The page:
Jeudy undoubtedly has the talent and polish to be a legitimate OROY contender. However, the Broncos only lost 58 targets from the 2019 squadron, tied for the fourth-lowest figure in the NFL. There's Courtland Sutton. And Noah Fant. And second-round pick K.J. Hamler and former Lock go-to-target Albert Okwuegbunam. Lots of mouths to feed in Denver. The lack of volume will probably hinder Jeudy's OROY chances.
4. Clyde Edwards-Helaire, RB, Chiefs (+600)
Edwards-Helaire was the most dynamic security blanket in the country in LSU's run to the national title. He caught 55 passes for 453 yards and averaged a hefty 6.6 yards per carry. His lateral cuts are phenomenal, and his contact balance is elite. Tackle attempts don't faze him. He's capable of deploying a variety of moves when he sees a linebacker in the hole or a defensive back down the field.
And he's in the most explosive, big-play offense in the NFL. That'll mostly help him but could hurt too because Tyreek Hill and Travis Kelce can be penciled in for around 100 targets each.
But, Hill and Kelce will draw defenders -- especially down the field -- thereby leaving the underneath portion of the field mostly devoid of defenders. And that's where Edwards-Helaire will feast. What's good for his OROY candidacy too is the fact that Andy Reid is a madman when it comes to generating running back production. He loves utilizing them in the pass game. And for as much as Patrick Mahomes is known for his bazooka arm, he's not too proud to check it down.
In 2019, Chiefs backs had 90 catches for 654 yards with four touchdowns during the regular season. Sure, Damien Williams is in front of him on the depth chart, but that's it, and Kansas City's scheme puts backs in ideal situations on the ground. Williams saw the fourth-lowest loaded box rate last season. LeSean McCoy came in 7th in that Next Gen Stat. Rushing against light boxes is every running back's dream.
3. Tua Tagovailoa, QB, Dolphins (+800)
Tagovailoa arrives in South Beach with immense hype, and even though he's rehabbing from a unique hip injury that robbed him of playing in his final Iron Bowl and the bowl game against Michigan, there's going to be mass pining for him to see the field as a rookie.
Had he not gotten injured, he would've contented with Joe Burrow to be the No. 1 overall overall pick in the 2020 Draft. His arm isn't great, and he's not a supreme athlete, but he's amazingly accurate and has innate pocket-drifting ability.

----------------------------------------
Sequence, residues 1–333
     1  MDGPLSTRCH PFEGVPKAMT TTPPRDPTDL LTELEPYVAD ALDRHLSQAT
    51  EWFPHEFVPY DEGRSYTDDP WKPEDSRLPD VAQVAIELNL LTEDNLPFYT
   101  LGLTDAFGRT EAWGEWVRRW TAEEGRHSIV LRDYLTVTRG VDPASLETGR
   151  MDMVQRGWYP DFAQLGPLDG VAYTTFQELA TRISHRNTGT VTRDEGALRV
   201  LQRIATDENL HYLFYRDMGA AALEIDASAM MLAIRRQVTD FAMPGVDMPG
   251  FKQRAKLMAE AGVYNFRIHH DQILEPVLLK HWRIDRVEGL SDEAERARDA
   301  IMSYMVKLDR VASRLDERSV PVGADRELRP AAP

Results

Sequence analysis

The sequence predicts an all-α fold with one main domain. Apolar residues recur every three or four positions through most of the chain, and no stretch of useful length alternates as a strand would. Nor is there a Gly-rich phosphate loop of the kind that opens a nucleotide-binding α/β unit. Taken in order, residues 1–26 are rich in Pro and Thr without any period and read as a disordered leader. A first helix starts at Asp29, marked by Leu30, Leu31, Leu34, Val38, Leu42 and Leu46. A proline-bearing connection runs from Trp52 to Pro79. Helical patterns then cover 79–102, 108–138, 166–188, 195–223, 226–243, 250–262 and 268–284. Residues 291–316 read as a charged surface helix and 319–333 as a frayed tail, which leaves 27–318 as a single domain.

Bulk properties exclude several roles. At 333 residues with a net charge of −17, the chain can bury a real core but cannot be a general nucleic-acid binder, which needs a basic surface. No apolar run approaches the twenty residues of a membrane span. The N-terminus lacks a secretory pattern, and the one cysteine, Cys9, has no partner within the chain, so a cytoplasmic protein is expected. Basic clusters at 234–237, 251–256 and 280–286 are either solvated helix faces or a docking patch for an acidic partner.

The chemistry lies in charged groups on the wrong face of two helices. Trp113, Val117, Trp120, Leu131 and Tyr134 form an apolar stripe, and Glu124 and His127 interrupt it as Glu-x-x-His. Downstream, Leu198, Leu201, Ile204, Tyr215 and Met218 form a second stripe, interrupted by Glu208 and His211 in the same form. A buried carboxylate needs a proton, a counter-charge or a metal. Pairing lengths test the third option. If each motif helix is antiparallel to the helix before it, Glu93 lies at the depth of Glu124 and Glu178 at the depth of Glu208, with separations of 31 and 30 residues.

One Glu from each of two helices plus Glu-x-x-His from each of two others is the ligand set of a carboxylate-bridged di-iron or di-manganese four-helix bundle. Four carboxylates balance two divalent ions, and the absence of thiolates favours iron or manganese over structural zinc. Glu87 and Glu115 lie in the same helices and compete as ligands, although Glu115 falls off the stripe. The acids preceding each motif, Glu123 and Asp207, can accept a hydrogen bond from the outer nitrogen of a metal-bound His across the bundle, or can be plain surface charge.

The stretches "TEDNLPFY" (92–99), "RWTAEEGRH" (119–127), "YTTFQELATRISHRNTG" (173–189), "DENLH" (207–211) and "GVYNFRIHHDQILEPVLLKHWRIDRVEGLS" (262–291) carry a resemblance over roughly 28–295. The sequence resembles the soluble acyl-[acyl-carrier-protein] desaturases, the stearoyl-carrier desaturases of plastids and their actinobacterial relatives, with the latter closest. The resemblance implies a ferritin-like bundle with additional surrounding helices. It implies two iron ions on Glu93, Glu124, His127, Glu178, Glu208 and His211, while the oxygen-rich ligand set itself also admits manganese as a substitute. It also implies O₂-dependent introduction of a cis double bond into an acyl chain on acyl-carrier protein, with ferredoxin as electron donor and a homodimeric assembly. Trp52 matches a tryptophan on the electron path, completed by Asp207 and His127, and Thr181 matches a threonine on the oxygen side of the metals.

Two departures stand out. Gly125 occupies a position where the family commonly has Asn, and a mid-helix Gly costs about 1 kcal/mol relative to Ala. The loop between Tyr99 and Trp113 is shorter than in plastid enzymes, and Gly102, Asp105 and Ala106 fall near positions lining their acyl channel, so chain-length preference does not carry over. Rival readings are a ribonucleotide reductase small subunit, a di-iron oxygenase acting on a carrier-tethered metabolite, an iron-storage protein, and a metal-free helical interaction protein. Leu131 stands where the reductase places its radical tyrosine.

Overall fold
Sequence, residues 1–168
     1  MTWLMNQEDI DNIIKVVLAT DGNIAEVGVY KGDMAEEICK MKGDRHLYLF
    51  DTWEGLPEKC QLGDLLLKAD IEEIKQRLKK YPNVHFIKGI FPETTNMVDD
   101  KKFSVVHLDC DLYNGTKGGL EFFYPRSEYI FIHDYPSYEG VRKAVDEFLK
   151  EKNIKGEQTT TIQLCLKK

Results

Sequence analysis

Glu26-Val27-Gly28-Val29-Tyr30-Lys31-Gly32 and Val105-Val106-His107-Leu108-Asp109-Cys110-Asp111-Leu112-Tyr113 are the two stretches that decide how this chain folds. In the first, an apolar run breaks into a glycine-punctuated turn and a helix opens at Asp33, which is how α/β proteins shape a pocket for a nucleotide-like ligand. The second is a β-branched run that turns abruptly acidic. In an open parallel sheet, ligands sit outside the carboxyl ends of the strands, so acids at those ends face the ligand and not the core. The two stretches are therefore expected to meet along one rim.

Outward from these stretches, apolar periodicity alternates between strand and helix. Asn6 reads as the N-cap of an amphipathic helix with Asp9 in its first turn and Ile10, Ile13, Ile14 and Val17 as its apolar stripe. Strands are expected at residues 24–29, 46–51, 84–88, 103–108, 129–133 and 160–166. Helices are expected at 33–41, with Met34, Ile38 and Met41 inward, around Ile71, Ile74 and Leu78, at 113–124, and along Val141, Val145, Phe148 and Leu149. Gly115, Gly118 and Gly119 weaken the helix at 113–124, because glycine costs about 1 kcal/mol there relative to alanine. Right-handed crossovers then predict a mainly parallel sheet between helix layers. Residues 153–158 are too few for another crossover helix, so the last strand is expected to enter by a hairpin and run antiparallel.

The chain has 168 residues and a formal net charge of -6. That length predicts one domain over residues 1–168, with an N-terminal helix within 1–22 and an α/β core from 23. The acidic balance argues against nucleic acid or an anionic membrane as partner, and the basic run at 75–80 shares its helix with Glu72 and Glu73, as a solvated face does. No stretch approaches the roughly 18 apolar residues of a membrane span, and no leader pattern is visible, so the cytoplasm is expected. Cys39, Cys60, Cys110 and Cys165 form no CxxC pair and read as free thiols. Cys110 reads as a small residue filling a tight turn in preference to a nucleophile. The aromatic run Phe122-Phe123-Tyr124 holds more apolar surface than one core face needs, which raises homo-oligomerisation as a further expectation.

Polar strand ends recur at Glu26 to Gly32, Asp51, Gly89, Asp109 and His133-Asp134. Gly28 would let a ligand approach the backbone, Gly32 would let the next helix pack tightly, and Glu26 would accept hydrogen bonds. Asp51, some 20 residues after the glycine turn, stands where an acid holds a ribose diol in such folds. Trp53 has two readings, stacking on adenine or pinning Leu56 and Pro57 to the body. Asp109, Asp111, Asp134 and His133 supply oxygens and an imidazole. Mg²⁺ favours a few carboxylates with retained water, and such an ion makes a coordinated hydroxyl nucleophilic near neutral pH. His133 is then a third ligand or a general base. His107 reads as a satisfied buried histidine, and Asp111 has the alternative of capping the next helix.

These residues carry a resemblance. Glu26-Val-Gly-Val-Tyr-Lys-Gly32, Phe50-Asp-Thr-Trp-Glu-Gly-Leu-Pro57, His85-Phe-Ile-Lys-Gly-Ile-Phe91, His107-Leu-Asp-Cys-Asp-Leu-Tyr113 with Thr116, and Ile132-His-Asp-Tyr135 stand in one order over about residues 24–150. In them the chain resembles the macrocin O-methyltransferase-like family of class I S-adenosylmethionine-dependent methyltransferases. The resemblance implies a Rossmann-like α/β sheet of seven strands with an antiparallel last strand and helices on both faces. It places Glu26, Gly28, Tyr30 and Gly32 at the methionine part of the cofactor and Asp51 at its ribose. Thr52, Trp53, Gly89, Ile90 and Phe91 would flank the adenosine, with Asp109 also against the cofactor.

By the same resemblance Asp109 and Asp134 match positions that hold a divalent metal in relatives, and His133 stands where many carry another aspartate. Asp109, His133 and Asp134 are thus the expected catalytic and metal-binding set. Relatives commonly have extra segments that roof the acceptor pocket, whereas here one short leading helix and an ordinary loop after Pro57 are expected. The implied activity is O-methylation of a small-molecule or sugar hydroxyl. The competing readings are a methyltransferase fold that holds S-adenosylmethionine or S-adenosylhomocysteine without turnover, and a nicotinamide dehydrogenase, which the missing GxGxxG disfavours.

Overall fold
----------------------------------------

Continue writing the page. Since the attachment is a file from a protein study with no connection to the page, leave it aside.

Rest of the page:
He's not No. 2 here because he does technically start his NFL career behind Ryan Fitzpatrick. And while Miami tripled up at offensive line in the draft -- Austin Jackson in Round 1, Robert Hunt in Round 2 and Solomon Kindley in Round 4 -- the Dolphins' blocking unit is very much a (young) work in progress.
Tagovailoa will have a respectable -- and at times dynamic -- group of receivers at his disposal if (see: when) he plays as a rookie. DeVante Parker is fresh off a 1,200-plus, nine-touchdown 2019. Second-year tight end Mike Gesicki quietly reeled in 51 passes for 570 yards with five scores. As an undrafted rookie, Preston Williams had 32 grabs in for 428 yards with three touchdowns in eight games before tearing his ACL. And Jakeem Grant is super explosive.
2. CeeDee Lamb, WR, Cowboys (+1400)
This is nearly the perfect marriage of talent and opportunity. Lamb was my WR1 in the 2020 class because he was the most electric, complete wideout on film. His yards-after-the-catch prowess was unmatched. He flashed outstanding ball-tracking abilities too. Per PFF's Draft Guide, Lamb forced 26 missed tackles in 2019, the second-most among draft-eligible wideouts.
Sure, he'll need to acclimate to facing press coverage much more often than he saw it in the Big 12, but Lamb has the twitch and burst to free himself and create separation at any level of the field, although he's not an absolute burner (4.50 speed).
And even with Amari Cooper and Michael Gallup, two 1,000-yard wideouts last season, in front of him in the target pecking order, the Cowboys lost 190 targets from 2019 (33.1%), so there's ample room for Lamb to produce at a high volume on a high-profile team with a quarterback in Dak Prescott who threw for 4,902 yards at 8.2 yards per attempt in 2019.
1. Joe Burrow, QB, Bengals (+225)
Going chalk for the second-straight year. A season ago, going with the easy preseason pick proved to be right (Kyler Murray). Burrow having just one year of elite production scares me a bit. But from a trait perspective, he's phenomenal in every aspect of playing the quarterback in the modern-day NFL. Pinpoint accuracy. Stellar pocket management. Rapidly getting through his reads. Awesome improvisational skill. He's got it all.
And he lands in Cincinnati with a returning A.J. Green, first pick of the second round Tee Higgins, the underrated 1,000-yard wideout Tyler Boyd in the slot, and monster high-pointer Auden Tate returning from injury after a minor breakout season in 2019.
The offensive line should be better than it was a season year ago with Jonah Williams ready for his first NFL action, and Joe Mixon's presence should keep defenses honest. Truly, it'll be surprising if Burrow doesn't win Offensive Rookie of the Year.